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Chapter 31


Running halfway down the staircase, Levin caught a sound he
knew, a familiar cough in the hall. But he heard it indistinctly
through the sound of his own footsteps, and hoped he was
mistaken. Then he caught sight of a long, bony, familiar figure,
and now it seemed there was no possibility of mistake; and yet he
still went on hoping that this tall man taking off his fur cloak
and coughing was not his brother Nikolay.

Levin loved his brother, but being with him was always a torture.
Just now, when Levin, under the influence of the thoughts that
had come to him, and Agafea Mihalovna's hint, was in a troubled
and uncertain humor, the meeting with his brother that he had to
face seemed particularly difficult. Instead of a lively, healthy
visitor, some outsider who would, he hoped, cheer him up in his
uncertain humor, he had to see his brother, who knew him through
and through, who would call forth all the thoughts nearest his
heart, would force him to show himself fully. And that he was
not disposed to do.

Angry with himself for so base a feeling, Levin ran into the
hall; as soon as he had seen his brother close, this feeling of
selfish disappointment vanished instantly and was replaced by
pity. Terrible as his brother Nikolay had been before in his
emaciation and sickliness, now he looked still more emaciated,
still more wasted. He was a skeleton covered with skin.

He stood in the hall, jerking his long thin neck, and pulling the
scarf off it, and smiled a strange and pitiful smile. When he
saw that smile, submissive and humble, Levin felt something
clutching at his throat.

"You see, I've come to you," said Nikolay in a thick voice, never
for one second taking his eyes off his brother's face. "I've
been meaning to a long while, but I've been unwell all the time.
Now I'm ever so much better," he said, rubbing his beard with his
big thin hands.

"Yes, yes!" answered Levin. And he felt still more frightened
when, kissing him, he felt with his lips the dryness of his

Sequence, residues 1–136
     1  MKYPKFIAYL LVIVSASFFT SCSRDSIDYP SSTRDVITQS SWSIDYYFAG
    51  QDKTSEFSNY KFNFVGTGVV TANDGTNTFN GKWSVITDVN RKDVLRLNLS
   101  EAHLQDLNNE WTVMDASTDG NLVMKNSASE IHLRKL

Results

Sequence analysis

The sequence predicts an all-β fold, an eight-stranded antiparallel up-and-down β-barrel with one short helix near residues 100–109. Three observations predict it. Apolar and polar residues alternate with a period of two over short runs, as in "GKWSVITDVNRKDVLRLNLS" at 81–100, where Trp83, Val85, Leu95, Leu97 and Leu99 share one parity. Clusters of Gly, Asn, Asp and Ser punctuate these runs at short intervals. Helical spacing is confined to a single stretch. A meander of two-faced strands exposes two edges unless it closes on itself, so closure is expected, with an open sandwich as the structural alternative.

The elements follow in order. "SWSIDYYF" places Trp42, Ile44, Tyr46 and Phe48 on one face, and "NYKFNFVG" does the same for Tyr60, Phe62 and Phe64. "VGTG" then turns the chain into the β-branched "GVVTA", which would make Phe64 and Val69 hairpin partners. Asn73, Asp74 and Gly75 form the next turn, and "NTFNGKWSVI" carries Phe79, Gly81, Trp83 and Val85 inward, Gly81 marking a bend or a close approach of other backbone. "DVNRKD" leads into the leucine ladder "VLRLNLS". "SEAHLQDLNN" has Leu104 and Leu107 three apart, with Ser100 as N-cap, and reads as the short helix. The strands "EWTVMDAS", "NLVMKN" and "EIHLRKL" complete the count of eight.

brother's skin and saw close to him his big eyes, full of a
strange light.

A few weeks before, Konstantin Levin had written to his brother
that through the sale of the small part of the property, that had
remained undivided, there was a sum of about two thousand roubles
to come to him as his share.

Nikolay said that he had come now to take this money and, what
was more important, to stay a while in the old nest, to get in
touch with the earth, so as to renew his strength like the heroes
of old for the work that lay before him. In spite of his
exaggerated stoop, and the emaciation that was so striking from
his height, his movements were as rapid and abrupt as ever.
Levin led him into his study.

His brother dressed with particular care--a thing he never used
to do--combed his scanty, lank hair, and, smiling, went
upstairs.

He was in the most affectionate and good-humored mood, just as
Levin often remembered him in childhood. He even referred to
Sergey Ivanovitch without rancor. When he saw Agafea Mihalovna,
he made jokes with her and asked after the old servants. The
news of the death of Parfen Denisitch made a painful impression
on him. A look of fear crossed his face, but he regained his
serenity immediately.

"Of course he was quite old," he said, and changed the subject.
"Well, I'll spend a month or two with you, and then I'm off to
Moscow. Do you know, Myakov has promised me a place there, and
I'm going into the service. Now I'm going to arrange my life
quite differently," he went on. "You know I got rid of that
woman."

"Marya Nikolaevna? Why, what for?"

"Oh, she was a horrid woman! She caused me all sorts of
worries." But he did not say what the annoyances were. He could
not say that he had cast off Marya Nikolaevna because the tea was
weak, and, above all, because she would look after him, as though
he were an invalid.

"Besides, I want to turn over a new leaf completely now. I've
done silly things, of course, like everyone else, but money's
the last consideration; I don't regret it. So long as there's
health, and my health, thank God, is quite restored."

Levin listened and racked his brains, but could think of nothing
to say. Nikolay probably felt the same; he began questioning his
brother about his affairs; and Levin was glad to talk about